In Western Canada and around the world, the energy sector is rapidly transforming to one that promises to be cleaner, greener and more efficient. Each month, the Canada West Foundation’s Energy Innovation Brief brings you stories about technology innovations happening across the industry – in oil and gas, renewables, energy storage and transmission. If you have an idea for a story, email us at: 


In this month’s roundup of energy innovation news: 

1. Electrifying the sky: zero-emission aircraft reaches new milestone
2. Attention, GHG emitters: new ‘eye-in-the-sky’ will be tracking your emissions
3. Exporting solar energy from Australia to Singapore via subsea cables
4. New technology could download energy from Wi-Fi signals
5. Seattle tech giants are funding climate tech now
6. Made in Canada: new zinc-air battery shows promising potential for energy storage


Electrifying the sky: zero-emission aircraft reaches new milestone

The future of air travel is looking electric as zero-emission aircraft reach new heights. In May 2020, the world’s largest zero-emission aircraft, the Cessna 208B Grand Caravan, successfully completed its maiden flight in Washington State in the U.S., without using a drop of fuel. Developed by U.S.-based magniX, the electric aircraft is powered by a 750-horsepower electric motor, has a distance capacity of 160 kilometers, and can seat up to nine passengers. In fact, it is the second electric aircraft to be developed by magniX. The company’s first six-seater commercial model, the de Havilland Beaver, completed its first successful flight in 2019 – making it the world’s first electric aircraft to take flight. Currently, the Beaver is operated by Harbour Air, in Vancouver, which in 2019 announced a partnership with magniX to develop the world’s first completely electric commercial seaplane fleet. MagniX expects that its latest and largest electric aircraft will be ready to enter into commercial service by the end of 2021. Read the full story here.

Emissions from the global airline industry are rising steadily each year as more people are flying (well, maybe not in 2020, but in general). Yet, for the airline industry, finding viable ways to reduce its carbon footprint is not an easy task. Electric airplanes are a promising solution, but have inherent limits as they can’t travel nearly as far or carry as much weight as fuel-propelled airplanes. As airlines look to evolve their business models to adapt to a lower-carbon future, it will be interesting to see what the future of electric air travel holds.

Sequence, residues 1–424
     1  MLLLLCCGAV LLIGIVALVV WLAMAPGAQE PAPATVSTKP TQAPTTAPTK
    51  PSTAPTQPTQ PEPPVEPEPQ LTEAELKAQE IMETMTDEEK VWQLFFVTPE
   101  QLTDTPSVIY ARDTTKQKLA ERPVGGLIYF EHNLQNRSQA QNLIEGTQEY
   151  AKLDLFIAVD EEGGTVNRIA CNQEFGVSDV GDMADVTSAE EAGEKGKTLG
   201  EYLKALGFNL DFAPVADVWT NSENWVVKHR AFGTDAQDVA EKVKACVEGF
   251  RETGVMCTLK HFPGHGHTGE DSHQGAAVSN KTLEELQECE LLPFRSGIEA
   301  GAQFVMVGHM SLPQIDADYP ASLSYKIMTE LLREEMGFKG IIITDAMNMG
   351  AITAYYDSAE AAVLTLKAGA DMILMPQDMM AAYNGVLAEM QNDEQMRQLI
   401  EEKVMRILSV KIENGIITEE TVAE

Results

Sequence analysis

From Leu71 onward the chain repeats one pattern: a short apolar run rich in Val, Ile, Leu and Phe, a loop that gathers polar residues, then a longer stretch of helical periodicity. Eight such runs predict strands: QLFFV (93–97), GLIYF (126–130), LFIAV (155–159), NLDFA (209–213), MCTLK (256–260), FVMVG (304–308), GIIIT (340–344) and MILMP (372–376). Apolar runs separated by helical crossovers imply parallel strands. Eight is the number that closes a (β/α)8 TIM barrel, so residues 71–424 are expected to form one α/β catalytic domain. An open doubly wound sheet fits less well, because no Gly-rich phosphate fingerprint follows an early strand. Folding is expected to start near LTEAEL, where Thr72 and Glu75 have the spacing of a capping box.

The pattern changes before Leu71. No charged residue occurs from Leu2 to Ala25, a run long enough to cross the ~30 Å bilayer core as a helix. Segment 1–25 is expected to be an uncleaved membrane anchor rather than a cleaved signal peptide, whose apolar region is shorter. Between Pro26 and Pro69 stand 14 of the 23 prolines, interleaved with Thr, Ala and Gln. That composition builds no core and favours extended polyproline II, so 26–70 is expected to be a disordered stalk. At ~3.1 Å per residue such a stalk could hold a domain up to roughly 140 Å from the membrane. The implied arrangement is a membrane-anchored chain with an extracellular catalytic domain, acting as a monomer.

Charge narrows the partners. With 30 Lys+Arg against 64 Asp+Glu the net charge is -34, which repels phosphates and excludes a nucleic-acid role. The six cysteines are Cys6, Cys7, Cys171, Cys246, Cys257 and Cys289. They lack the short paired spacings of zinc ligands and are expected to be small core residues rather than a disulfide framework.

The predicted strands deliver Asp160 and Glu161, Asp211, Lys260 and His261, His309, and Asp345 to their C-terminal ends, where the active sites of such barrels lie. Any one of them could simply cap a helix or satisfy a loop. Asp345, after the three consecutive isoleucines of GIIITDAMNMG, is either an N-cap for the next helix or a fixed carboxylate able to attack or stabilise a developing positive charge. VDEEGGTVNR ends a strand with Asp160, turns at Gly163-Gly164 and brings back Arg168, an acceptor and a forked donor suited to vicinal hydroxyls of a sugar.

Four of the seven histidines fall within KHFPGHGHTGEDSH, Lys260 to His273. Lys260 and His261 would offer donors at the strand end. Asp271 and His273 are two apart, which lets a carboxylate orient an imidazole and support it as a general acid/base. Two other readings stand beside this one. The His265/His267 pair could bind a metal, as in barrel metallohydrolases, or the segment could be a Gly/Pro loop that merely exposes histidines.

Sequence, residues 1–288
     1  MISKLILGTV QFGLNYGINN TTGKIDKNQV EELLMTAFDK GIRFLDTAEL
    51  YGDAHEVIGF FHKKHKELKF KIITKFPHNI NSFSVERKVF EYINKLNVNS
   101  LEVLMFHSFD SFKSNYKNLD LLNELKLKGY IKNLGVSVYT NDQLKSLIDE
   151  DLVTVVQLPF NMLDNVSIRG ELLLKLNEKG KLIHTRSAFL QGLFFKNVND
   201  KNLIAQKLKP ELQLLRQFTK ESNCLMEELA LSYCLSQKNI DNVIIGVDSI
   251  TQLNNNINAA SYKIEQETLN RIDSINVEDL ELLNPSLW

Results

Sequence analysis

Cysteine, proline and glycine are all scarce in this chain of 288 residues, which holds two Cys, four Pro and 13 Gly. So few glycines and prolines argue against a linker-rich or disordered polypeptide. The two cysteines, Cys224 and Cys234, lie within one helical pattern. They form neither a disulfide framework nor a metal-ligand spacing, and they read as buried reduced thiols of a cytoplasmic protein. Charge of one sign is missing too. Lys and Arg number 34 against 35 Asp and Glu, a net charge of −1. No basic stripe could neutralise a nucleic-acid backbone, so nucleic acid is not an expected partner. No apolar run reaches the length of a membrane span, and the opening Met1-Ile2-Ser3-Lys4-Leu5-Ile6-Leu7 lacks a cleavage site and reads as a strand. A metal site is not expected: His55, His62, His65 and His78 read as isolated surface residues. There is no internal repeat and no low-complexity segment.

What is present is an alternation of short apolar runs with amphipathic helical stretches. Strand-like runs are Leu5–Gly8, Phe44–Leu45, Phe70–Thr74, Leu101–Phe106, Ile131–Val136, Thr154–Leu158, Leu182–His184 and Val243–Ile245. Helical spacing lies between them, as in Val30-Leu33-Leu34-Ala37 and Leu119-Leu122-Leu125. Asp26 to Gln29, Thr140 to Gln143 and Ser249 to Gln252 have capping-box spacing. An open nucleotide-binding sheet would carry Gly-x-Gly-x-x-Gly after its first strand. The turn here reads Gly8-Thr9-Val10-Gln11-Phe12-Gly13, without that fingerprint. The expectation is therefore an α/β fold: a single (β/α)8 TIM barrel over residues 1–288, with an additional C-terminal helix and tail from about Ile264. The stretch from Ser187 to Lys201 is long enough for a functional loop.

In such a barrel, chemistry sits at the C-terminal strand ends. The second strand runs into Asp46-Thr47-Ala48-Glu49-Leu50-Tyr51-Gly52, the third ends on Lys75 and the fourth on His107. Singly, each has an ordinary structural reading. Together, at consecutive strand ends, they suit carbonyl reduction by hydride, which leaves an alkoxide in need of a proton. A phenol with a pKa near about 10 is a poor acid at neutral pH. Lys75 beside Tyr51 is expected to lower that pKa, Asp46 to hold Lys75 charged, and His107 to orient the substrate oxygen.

Attention, GHG emitters: new ‘eye-in-the-sky’ will be tracking your emissions

The latest technological innovation to track global GHG emissions is out of this world – literally. Montreal-based company GHGSat Inc. is set to launch its latest innovation, a microwave-sized satellite named Iris, into space to monitor and collect data on global GHG emissions. Iris has been in the making for three years and has built upon lessons learned from the company’s first GHG-monitoring satellite, Claire, which was released into orbit in 2016. For instance, Iris’ high-resolution imagery will now be able to detect small emissions sites with pinpoint accuracy, such as methane emissions from oil and gas wells, pipelines, power plants, farms, and factories. It will also be equipped with an enhanced spectrometer to quantify emissions by site and will cover the earth’s surface every two weeks. Iris was expected to launch in late June 2020 but incurred delays due to COVID-19. Over the next few years, the company plans to have up to 10 satellites like Iris in operation to increase the frequency and accuracy of GHG emissions data. Read the full story here.

Detecting small methane leakages is neither easy nor cheap, as methane is invisible and odorless. Detection usually involves inspectors walking around with infrared cameras, or installing sensors on natural gas storage tanks or pipelines. Satellite detection avoids these problems; and may also provide more accurate emissions accounting than traditional engineering-based estimating approach. For instance, using aerial measurements, a 2018 study by the Environmental Defense Fund and several U.S. universities found that methane leaks in the U.S. oil and gas industry were 60% higher than what was reported by the U.S. Environmental Protection Agency. GHG-monitoring satellites such as Iris could benefit global efforts to track and crack down on methane emissions by identifying large and small leaks across the globe.